The Bucs’ running backs will be good and versatile again in 2022. Leonard Fournette returns on a new three-year deal after he finished 2021 as RB5. People might talk trash about his weight, but he will be ready to go. What helped boost his value last season was racking up 69 receptions for 454 yards (and two touchdowns), both the second-best of his career. Lombardi Lenny’s play made it impossible for coaches to take him off the field. Coming into 2022 he figures to hover around another RB1 season should he stay healthy. Ke’Shawn Vaughn seems to already be behind rookie Rachaad White on the depth chart of public opinion. He had some good runs in the last quarter of the season but didn’t do enough to make you feel like he could hold off White. Despite this, he comes into camp more knowledgeable of the offense than his rookie teammate. White is looking to establish himself as a force early. He’s certainly worth targeting in the late rounds of redraft leagues as Fournette's handcuff and/or stand alone value. As a senior, he ran for 1,000 yards and 15 touchdowns while adding 43 receptions, 456 yards and a TD. White is an every down back. Fournette is the guy, but White isn’t a player you want to give an opening to. He will take the chance and thrive.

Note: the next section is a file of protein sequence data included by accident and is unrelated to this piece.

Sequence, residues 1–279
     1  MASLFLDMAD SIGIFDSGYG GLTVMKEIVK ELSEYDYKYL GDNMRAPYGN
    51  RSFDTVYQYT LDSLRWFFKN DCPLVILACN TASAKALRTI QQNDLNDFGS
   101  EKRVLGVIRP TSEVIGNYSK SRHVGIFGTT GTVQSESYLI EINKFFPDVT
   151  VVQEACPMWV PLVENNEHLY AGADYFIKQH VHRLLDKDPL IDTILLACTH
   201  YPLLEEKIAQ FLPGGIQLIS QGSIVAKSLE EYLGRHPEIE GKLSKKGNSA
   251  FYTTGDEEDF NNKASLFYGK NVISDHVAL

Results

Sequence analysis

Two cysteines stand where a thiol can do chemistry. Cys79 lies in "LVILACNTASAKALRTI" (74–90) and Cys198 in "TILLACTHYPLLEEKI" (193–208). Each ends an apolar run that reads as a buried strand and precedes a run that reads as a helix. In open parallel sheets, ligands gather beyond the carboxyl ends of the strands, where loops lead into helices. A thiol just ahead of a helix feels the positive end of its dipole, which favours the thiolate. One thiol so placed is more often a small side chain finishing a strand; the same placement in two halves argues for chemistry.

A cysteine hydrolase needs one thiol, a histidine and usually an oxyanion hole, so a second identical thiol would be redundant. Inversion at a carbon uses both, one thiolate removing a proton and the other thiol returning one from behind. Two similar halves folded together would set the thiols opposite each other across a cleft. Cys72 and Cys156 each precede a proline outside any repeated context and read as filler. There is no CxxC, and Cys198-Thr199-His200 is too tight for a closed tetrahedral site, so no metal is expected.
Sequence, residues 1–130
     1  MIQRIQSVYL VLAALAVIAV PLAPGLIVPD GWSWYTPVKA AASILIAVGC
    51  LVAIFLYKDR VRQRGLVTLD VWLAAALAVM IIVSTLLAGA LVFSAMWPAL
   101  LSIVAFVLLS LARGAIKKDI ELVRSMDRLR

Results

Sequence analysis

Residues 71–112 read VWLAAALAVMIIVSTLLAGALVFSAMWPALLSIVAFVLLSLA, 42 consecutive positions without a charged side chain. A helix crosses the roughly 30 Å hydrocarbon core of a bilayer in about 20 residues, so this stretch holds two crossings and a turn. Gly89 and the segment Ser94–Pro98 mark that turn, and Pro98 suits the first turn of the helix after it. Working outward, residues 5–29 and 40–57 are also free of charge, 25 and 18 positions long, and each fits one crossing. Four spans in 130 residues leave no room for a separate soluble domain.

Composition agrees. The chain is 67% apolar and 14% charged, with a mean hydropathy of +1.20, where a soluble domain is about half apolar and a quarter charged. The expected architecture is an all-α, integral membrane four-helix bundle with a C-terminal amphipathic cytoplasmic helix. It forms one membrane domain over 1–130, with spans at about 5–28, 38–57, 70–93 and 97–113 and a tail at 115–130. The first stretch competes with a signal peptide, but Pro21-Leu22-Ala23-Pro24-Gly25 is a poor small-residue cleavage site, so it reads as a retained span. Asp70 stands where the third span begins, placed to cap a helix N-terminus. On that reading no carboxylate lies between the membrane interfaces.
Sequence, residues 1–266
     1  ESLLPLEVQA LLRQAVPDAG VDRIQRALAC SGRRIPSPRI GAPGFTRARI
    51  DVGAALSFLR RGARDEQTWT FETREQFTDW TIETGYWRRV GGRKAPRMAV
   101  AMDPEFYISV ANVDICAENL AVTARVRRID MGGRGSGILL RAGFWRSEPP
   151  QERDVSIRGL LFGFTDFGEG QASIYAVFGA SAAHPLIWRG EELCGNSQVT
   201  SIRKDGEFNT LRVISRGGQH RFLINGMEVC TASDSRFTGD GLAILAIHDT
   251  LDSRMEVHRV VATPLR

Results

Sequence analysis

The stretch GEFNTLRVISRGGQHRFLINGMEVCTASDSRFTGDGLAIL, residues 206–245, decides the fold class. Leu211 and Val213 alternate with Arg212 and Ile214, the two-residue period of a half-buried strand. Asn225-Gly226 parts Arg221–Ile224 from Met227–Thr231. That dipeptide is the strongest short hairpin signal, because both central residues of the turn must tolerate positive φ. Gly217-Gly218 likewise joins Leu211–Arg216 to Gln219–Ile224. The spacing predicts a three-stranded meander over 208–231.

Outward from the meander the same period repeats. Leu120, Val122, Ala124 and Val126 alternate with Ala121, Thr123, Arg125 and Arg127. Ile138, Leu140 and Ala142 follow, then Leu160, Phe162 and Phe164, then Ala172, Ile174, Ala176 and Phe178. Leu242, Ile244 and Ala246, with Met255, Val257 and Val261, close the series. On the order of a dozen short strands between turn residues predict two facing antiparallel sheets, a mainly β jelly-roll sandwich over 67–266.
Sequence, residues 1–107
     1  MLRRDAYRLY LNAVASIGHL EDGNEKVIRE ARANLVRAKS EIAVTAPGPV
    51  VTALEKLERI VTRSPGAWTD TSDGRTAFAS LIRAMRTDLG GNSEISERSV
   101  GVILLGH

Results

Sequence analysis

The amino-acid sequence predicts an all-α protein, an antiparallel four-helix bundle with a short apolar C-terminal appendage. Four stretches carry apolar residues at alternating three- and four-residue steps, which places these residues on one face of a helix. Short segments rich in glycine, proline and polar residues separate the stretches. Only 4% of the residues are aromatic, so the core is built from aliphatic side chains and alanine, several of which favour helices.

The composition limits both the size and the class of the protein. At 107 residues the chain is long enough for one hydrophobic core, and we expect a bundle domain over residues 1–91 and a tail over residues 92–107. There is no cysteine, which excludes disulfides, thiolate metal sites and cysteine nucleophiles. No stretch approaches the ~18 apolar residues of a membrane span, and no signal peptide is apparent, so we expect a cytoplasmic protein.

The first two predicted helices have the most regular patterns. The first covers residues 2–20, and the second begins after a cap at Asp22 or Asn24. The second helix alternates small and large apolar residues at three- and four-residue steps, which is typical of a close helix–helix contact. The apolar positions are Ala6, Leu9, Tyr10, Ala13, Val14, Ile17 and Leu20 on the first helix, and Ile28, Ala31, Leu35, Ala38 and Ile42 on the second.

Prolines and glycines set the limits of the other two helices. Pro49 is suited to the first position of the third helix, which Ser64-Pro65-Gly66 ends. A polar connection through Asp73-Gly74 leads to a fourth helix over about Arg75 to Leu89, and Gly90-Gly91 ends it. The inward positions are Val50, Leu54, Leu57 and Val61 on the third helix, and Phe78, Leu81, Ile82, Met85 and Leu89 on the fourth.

Last season, the Bucs’ offensive line finished second in PFF’s OL rankings. The unit allowed Brady to be pressured on less than 20% of drop backs while each starter had at least 70 overall run blocking grade. Although they lost Ali Marpet to retirement and Alex Cappa to the Bengals, they’ll be fine and should be considered a top-five unit again. The Bucs traded for Shaq Mason (Brady’s teammate in New England) to man one guard spot. At the other guard spot, Aaron Stinnie will compete with rookie Luke Goedeke, who was drafted in the second round. Donovan Smith and Tristan Wirfs return at tackle (both graded out over 83) and Ryan Jensen is back at center.
11.5 wins is a high number for a team that has the Cowboys, Packers, Chiefs, Ravens, Rams, Browns (maybe with Watson), Bengals, Cardinals and 49ers on the schedule. Like some of these teams, however, the Bucs are elite. At worst they’ll split these games and maybe lose a game against the Saints. It’s a tough schedule, but a weak division should give them the boost they need in the win-loss Column. After securing 11 regular season wins in 2020 and 13 in 2021, I’ll settle in the middle and say that the Bucs finish the regular season with 12 wins. Watch out for the Saints though.